The Berlin Patient : Timothy Ray Brown

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The Berlin Patient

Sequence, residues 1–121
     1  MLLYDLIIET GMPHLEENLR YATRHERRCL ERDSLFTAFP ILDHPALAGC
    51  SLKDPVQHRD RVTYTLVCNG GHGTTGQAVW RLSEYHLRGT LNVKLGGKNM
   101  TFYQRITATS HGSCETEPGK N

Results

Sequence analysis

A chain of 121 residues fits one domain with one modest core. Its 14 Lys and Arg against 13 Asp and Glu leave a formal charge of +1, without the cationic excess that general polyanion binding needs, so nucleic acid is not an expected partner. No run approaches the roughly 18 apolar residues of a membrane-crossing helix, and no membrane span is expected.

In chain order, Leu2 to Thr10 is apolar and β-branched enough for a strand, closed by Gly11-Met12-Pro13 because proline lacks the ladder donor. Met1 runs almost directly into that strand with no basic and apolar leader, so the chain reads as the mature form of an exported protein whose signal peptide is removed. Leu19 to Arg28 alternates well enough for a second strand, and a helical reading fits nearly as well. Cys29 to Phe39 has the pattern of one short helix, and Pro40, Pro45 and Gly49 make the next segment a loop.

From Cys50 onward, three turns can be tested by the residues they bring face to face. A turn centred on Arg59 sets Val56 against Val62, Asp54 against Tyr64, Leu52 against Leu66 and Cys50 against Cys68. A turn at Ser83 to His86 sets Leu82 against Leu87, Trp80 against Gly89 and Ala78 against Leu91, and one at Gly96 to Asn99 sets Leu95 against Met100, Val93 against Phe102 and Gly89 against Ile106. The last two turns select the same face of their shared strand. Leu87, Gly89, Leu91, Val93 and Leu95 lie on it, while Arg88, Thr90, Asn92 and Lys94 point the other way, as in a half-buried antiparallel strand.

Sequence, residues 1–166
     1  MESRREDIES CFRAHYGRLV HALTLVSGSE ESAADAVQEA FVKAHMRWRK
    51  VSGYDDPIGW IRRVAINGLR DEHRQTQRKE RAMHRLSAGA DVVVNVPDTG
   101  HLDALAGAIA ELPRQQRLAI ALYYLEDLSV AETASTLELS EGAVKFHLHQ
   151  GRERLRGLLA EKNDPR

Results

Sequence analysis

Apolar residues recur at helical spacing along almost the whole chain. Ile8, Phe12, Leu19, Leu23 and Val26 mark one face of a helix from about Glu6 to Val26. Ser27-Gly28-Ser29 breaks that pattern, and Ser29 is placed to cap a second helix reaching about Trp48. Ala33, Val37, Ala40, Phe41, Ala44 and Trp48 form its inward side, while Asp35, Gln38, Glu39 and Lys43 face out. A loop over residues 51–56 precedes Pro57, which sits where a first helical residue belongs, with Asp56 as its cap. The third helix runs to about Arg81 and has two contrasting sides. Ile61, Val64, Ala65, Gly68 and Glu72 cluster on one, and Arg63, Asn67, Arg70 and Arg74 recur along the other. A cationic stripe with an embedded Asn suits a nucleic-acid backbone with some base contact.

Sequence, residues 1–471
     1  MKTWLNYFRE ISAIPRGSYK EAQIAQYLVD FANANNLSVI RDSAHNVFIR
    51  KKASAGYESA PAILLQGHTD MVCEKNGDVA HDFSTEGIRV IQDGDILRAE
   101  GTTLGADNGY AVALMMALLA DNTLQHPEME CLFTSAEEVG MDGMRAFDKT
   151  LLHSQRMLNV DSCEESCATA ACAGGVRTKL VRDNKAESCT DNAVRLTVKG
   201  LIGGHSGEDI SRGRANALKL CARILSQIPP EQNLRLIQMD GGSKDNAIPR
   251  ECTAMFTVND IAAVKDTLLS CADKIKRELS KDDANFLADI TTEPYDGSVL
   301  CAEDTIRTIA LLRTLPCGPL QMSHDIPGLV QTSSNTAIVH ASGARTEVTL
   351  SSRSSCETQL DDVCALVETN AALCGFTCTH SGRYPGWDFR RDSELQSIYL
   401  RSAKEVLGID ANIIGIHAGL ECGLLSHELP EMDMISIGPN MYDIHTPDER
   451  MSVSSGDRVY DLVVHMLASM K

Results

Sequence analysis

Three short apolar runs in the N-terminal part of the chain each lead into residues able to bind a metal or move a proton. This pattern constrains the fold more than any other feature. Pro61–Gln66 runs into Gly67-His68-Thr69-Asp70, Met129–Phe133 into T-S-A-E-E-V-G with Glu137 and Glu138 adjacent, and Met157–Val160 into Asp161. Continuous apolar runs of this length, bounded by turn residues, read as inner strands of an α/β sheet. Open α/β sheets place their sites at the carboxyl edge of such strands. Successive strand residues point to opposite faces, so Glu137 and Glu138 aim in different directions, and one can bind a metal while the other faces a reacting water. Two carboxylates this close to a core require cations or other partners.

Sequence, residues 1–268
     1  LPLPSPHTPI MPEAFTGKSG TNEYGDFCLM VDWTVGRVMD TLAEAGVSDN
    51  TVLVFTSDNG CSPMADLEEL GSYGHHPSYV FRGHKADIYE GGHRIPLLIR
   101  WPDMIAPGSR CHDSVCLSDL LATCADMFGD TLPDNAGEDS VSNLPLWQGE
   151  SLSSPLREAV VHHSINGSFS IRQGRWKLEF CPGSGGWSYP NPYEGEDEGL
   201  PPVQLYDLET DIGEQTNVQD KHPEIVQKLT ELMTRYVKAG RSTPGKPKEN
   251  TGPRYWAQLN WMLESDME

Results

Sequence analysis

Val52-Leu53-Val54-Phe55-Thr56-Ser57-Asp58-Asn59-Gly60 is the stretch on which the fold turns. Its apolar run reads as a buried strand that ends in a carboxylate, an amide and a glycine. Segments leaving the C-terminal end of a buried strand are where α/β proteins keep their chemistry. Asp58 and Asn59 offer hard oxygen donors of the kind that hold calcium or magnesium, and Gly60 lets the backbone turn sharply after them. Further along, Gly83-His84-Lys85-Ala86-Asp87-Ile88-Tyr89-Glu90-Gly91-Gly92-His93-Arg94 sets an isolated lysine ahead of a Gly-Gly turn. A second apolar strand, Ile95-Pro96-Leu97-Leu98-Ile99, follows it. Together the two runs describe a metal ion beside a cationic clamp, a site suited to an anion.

Timothy Ray Brown, gained his title as “The Berlin Patient” after being the first man successfully cured of HIV (human immunodeficiency virus) in 2008, Berlin. Brown has been battling with HIV for 11 years with antiretroviral drugs since 1995 when he was diagnosed. Then in 2006, he was being diagnosed with acute myeloid leukemia, another disease that would put his life in danger. Acute myeloid leukemia is a type of cancer that attacks the bone marrow and spread to blood.[9] To treat his new deadly disease, Brown has tried radiation and chemotherapy which both did not seem to be successful in helping him. In 2007 and 2008 he made the decision of going for a bone marrow transplant. Brown’s oncologist has chose a bone marrow donor with a genetic mutation known as delta 32 which is found in 1 to 2 percent of the people in Northern Europe. For people with the delta 32 mutation, they are very likely to be immune to Smallpox, the Bubonic Plague and resistant to HIV and AIDS. [10] Focusing on how HIV is prevented by this mutation, HIV virus usually enters a cell through the cell’s CCR5 receptor and fuse into the cell that will eventually divide itself and spread throughout the patient’s body, infecting the patient with cells that is infected with HIV viruses. With the delta 32 mutation, the entry of HIV is blocked due to their misshapen CCR5 protein. Immunity to HIV is only present to homozygous carriers for the delta 32 mutation on both genes. [11]


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